Bainbridge breathes life into the “Living Library”

When Aileen Griffey had finished with her library book, she didn’t close its cover or drop it in the return slot. She shook its hand, wished its family well and thanked it for a glimpse into what it’s like to be a Muslim living in America.

Griffey, “the reader,” and Younes Merbouhi, “the book,” were participants in Bainbridge Public Library’s Living Library event on Saturday. As one of about 50 readers who attended the event, Griffey chose from 17 flesh-and-blood titles representing groups that are often stereotyped, misunderstood or hold controversial viewpoints.

Before selecting Merbouhi and his family, which also joined in the discussion, Griffey perused a selection of living books representing a quadriplegic, a female cop, a Libertarian, a white South African, an atheist, the mother of a lesbian and an Eagle Harbor liveaboard.

Once a librarian matches a reader with book, they sit down for half-hour conversations at tables scattered throughout the library.

“This gives people a more diverse perspective,” said Danish anti-violence activist Ronni Abergel, who founded the Living Library program and was on-hand for the Bainbridge event. “Many people have perceptions about certain people based only on the media, but they’ve never sat down one, never really talked with one. Once they do, it stretches their boundaries.”

The idea for the Living Library is rooted in Abergel’s chance encounter with an angry man on a Copenhagen street.

“He wanted all Arabs to go home,” Abergel said. “But then this Arab guy walked by and he said ‘Hey Ali, how you doing?’ They were friends, and so I’m going ‘Hey,you just thrashed people like him.’ And he says ‘But that’s Ali. I know him. He’s OK.’”

With the idea that face-to-face interaction often breaks down negative stereotypes, Abergel created the Living Library program in Denmark eight years ago. Since then, over 25 countries – from Australia to Turkey – have hosted Living Libraries. The Bainbridge event was the second in the United States, with a Santa Monica, Calif. library sponsoring the first a week ago.

While similar events have tackled volatile subjects – such as neo-Nazism in Berlin – Abergel is cognizant of the fact that Bainbridge doesn’t face the same problems.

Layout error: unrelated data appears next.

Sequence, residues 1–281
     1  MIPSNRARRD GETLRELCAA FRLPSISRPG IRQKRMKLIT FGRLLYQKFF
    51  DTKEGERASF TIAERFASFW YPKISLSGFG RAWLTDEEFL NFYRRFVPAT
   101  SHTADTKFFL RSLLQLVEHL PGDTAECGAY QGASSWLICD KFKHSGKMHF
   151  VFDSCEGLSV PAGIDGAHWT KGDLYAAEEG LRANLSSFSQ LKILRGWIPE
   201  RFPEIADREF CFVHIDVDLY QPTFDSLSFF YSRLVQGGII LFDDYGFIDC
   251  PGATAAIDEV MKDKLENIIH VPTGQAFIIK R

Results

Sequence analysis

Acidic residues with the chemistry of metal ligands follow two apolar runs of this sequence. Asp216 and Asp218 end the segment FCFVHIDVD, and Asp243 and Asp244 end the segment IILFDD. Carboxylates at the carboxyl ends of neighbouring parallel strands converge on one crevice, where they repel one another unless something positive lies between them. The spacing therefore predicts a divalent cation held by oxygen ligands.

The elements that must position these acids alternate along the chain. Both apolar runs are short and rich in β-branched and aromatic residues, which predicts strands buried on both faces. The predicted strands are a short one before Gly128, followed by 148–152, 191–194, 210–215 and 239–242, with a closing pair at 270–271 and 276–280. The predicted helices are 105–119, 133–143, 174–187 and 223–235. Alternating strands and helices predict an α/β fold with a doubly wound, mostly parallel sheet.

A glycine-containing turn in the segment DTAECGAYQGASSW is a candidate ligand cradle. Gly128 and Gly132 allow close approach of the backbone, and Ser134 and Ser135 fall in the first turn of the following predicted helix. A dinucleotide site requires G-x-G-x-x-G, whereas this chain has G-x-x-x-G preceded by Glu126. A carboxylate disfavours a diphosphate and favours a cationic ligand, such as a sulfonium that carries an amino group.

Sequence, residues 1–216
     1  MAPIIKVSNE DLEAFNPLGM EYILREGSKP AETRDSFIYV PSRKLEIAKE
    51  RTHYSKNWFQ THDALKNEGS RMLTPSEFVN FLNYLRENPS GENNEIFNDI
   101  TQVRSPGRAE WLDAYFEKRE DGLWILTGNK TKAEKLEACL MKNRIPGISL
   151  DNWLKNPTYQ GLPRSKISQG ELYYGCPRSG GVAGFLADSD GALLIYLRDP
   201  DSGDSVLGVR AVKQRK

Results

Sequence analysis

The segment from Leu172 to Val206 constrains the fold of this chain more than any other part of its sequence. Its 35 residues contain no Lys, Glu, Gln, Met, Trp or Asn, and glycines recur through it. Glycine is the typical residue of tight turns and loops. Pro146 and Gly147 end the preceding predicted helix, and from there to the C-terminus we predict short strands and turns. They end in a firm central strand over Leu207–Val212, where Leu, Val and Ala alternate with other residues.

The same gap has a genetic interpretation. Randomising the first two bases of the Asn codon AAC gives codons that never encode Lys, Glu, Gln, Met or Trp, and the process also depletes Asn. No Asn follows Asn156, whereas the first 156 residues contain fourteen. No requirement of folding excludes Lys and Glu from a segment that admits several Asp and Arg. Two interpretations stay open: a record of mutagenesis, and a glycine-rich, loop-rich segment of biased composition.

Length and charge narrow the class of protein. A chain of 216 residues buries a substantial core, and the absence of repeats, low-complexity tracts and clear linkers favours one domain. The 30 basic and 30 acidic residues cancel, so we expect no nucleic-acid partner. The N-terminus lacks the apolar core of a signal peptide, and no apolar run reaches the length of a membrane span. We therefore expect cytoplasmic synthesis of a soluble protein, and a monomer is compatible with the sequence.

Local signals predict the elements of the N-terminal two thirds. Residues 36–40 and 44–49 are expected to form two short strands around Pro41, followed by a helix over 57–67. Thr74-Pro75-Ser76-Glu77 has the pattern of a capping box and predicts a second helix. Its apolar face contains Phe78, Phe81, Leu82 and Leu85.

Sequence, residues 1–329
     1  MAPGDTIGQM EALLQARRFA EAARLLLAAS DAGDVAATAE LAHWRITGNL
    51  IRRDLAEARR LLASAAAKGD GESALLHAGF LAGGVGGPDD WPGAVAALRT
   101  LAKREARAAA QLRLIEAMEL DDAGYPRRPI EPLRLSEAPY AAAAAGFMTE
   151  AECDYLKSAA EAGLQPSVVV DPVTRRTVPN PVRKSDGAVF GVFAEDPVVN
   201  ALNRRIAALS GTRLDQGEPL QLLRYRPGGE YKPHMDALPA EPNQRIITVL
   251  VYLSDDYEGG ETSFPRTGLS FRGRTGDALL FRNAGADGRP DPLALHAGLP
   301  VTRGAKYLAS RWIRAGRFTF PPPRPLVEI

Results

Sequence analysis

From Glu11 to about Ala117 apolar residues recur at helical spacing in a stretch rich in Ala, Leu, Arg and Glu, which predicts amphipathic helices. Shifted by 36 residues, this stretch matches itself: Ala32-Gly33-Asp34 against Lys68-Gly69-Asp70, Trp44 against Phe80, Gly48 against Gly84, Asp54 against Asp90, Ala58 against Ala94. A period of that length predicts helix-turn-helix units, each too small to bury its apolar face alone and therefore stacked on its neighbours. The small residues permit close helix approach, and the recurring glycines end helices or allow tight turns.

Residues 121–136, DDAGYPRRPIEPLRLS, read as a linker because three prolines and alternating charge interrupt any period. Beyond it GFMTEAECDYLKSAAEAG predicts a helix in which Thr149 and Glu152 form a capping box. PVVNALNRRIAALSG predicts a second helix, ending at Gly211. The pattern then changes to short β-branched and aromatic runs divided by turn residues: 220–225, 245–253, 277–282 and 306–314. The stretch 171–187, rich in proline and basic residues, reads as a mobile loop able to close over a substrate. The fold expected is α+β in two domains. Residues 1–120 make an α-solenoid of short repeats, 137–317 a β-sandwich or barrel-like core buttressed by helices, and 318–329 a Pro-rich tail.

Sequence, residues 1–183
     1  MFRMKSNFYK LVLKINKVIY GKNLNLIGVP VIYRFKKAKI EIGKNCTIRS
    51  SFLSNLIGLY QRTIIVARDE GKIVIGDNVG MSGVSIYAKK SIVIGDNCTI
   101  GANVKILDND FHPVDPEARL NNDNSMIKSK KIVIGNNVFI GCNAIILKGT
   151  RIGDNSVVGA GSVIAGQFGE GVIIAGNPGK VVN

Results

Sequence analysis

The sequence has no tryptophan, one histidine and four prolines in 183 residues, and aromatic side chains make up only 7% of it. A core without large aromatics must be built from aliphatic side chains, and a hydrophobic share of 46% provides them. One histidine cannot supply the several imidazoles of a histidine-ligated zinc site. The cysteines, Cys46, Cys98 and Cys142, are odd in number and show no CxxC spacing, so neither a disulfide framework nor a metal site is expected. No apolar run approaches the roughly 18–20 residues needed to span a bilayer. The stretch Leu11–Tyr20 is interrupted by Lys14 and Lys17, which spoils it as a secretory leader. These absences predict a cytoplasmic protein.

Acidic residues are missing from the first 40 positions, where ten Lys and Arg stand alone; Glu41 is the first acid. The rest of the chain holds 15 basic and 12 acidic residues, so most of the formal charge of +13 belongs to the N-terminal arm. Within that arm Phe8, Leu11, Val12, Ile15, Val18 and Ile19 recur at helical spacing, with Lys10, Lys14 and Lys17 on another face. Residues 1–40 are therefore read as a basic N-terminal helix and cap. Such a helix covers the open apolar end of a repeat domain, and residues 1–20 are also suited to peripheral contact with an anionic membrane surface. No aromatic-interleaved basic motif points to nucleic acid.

“Sure, Bainbridge is a safe community and the problems are not as severe, but you have gossip and judging others,” he said. “I’ve been here one day, and I’ve already heard about how people talk about the liveaboards and Californians, and how they come here with their money and ruin everything.”

Griffey and other Living Library participants said the three-hour event on Saturday was too short. They hope to see follow-up events at the library.

“This is fabulous,” Griffey said. “You get a quick slice of someone’s life. It’s casual, and (the topic) is not as controlled as it is in a book.”

After “checking out” the Merbouhi family, Griffey learned Younes met his wife Shauna in her home state of Oklahoma, where she was raised a Mormon. Shauna found that the trappings of Islam, including the headscarf she wears, drew less-than-friendly looks. Now living in Tacoma, Shauna feels more at ease, but not as comfortable as she feels in Morocco, where Younes is from.

“I felt really relaxed in Morocco because I fit right in,” she said.

Younes also discussed the vandalism that marred his Tulsa, Okla. mosque after 9/11. Griffey raised her eyebrows when Younes explained that it was the city’s devout Christians that offered help.

“That was heartening to me, but it wasn’t a surprise because they were living by the true tenants of Christianity,” he said.

The Marbouhis said the Living Library is as valuable to the “books” as it is to the “readers.”

“I feel really encouraged by this,” Younis said. “If we had more of this, and did this on a grander scale, it would solve so many of the problems we have.”

For more about the Living Library program, visit